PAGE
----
You just need to understand what drives value for your customers. Good customer research including talking to them, taken surveys, and watching their actions and reactions, can help you discover what matters most to them.

In short, capture all data to understand what is important to your customers and what opportunities you have to help them.

This is important because the results of your efforts to create value are measured in the customers’ perception of that value.

Step 2: Understand Your Value Proposition

value proposition is a statement that answers the ‘why’ someone should do business with you. It should convince a potential customer WHY you’re different from others and HOW your service or product will be of more value to them than similar offerings from your competition.

“Make something people want and sell that, or be someone people need and sell you.” – Ryan Lilly

The value customers receive is equal to the benefits of a product or service minus its costs. 

The big question:

  • What value does your product or service create for them?
  • What does it cost them–in terms of price plus any other added costs of ownership or usage (e.g., how much of their time do they have to devote to buying or using your product or service?)

Consider all the businesses out there offering exactly what you offer. With similar products  or services, customers have no choice but to make a subjective choice.

Your value proposition is where you win them over. You need to understand your value proposition so that you communicate what makes you different, and continually work harder to set yourself apart.

You can do that through:

  • Identifying what you’re good at and owning it
  • Make your value proposition clear in all your communications
  • Ask customers why they buy from you, use feedback to boost your value proposition
  • Quantify your value with real data
  • Communicate the benefits of your service so customers can see the value

Squeezing all of your value into one proposition isn’t easy, which is why we’ve come up with a guide that you should follow before you cement your value proposition. {lead magnet]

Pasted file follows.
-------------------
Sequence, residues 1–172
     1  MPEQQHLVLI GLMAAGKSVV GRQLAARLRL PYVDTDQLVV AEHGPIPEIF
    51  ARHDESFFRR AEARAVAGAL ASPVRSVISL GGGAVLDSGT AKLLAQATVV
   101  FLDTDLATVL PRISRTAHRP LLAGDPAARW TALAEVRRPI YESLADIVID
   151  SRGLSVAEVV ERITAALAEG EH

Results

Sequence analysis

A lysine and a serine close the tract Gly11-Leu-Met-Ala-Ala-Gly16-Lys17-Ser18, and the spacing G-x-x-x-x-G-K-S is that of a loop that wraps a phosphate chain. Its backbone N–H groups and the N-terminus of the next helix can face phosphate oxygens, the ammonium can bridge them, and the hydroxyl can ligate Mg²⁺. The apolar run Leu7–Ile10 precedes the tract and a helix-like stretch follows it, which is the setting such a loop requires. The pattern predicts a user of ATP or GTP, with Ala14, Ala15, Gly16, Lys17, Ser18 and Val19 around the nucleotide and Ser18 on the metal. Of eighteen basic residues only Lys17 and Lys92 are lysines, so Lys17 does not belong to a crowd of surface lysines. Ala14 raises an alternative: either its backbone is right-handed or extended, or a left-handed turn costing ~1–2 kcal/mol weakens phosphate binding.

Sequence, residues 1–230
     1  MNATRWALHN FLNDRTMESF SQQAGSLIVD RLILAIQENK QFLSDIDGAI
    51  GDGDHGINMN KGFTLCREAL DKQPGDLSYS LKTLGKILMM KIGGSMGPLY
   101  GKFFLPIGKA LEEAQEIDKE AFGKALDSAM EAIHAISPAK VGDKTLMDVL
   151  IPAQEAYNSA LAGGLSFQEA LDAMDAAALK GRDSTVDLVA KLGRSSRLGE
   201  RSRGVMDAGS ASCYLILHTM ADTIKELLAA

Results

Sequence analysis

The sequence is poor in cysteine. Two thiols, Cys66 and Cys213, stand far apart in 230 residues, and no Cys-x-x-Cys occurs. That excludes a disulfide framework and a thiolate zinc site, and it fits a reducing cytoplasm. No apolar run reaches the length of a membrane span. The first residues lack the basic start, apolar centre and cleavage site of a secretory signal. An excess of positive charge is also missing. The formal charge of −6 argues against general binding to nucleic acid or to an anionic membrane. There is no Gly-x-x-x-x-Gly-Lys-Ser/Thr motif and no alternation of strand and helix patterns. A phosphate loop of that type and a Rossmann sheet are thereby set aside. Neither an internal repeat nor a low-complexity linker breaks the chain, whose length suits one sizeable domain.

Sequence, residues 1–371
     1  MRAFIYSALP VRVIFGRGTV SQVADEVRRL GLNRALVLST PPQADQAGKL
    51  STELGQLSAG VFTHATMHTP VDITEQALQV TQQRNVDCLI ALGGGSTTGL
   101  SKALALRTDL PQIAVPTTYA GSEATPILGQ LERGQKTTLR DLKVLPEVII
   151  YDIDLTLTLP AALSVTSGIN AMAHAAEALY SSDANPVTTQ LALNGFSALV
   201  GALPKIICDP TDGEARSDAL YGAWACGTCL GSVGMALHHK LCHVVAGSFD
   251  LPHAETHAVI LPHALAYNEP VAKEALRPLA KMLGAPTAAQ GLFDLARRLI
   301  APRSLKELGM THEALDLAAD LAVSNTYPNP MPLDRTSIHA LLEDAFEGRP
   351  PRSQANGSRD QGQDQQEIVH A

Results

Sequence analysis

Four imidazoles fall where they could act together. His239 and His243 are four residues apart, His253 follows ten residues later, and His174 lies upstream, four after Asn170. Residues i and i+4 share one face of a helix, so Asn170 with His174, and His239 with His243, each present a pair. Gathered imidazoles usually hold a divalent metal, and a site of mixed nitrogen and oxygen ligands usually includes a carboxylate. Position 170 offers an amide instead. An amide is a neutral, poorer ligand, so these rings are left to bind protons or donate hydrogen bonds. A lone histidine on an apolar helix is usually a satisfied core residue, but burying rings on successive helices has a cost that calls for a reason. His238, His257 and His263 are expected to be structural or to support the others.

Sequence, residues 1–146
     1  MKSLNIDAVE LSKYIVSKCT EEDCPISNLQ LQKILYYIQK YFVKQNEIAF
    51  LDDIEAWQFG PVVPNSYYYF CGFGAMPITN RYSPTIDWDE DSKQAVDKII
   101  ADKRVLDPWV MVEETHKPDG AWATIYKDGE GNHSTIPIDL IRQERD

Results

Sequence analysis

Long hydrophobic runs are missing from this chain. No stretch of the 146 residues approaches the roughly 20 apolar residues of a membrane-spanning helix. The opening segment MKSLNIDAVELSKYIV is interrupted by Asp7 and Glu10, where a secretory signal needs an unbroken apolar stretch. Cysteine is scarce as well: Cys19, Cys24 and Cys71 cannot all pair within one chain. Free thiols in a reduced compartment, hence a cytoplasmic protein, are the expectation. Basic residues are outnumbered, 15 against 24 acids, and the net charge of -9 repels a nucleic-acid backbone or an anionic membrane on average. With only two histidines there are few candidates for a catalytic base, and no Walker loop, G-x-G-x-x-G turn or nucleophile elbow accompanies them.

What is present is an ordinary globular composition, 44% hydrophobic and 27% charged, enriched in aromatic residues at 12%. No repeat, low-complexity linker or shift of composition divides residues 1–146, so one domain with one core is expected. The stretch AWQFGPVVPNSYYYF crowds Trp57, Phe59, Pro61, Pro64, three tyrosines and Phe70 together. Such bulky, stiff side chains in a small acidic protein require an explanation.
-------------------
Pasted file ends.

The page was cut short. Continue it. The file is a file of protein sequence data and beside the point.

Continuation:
Step 3: Customer’s Segmentation

Different customers will have varying perceptions of your value relative to your competitors, based on geographic proximity, for example, or a product attribute that one segment may find particularly attractive.

Rather than trying to shoehorn the same value proposition to your entire audience, identify what tickles different segments.

I mean segmenting your customers. Segmenting, at its most basic, is the separation of a group of customers with different needs into subgroups of customers with similar needs and preferences.

By doing this, you can better tailor and target your products and services to meet each segment’s needs. This isn’t, as McKinsey’s John Forsyth says, simply for marketing or retail firms.

“We see many, many companies saying, ‘I want to get more consumer-driven and customer-facing. But sometimes the organizations don’t know how to start. I’d say you really start with a basic understanding of your consumers or customers, right? And that’s segmentation.” – By Philip Kotler

Segment your audience based on what they value, and adjust your message to each. Value could vary based on season, geography, demographics or certain product attributes. What an adult considers as value, for example, can be completely different than that of a teenager. 

If you have a target market cut out for you, then all you have to do is get in the shoes of your customer, and figure out what’s a gesture they would appreciate.

Step 4: Create a Win-Win Price

Set a price that makes it clear that customers are receiving value but also maximizes your “take.” Satisfied customers that perceive a lot of value in your offering are usually willing to pay more, while unsatisfied customers will leave, even at a low price.

“The true test of character is to live win-win even when promoted to positions where win-lose is possible.” – Orrin Woodward

Using “cost-plus” pricing  (i.e., pricing at some fixed multiple of product costs) often results in giving away margin unnecessarily to some customers while losing incremental profits from others.

Step 5: Focus on your most valuable customers

Disproportionately allocate your sales force, marketing dollars, and R&D investments toward the customers and segments that you can best serve and will provide the greatest value in return. Also, allocate your growth capital toward new products and solutions that serve your best customers or can attract more customers that are similar to your best customers.

“As an entrepreneur, value creation will always be your first line of defense against business failure.” –  Gregory V. Diehl

Your customers are the lifeblood of your business. They are the source of current profits and the foundation of future growth. These steps will help you find more ways to grow your business by better serving your best customers.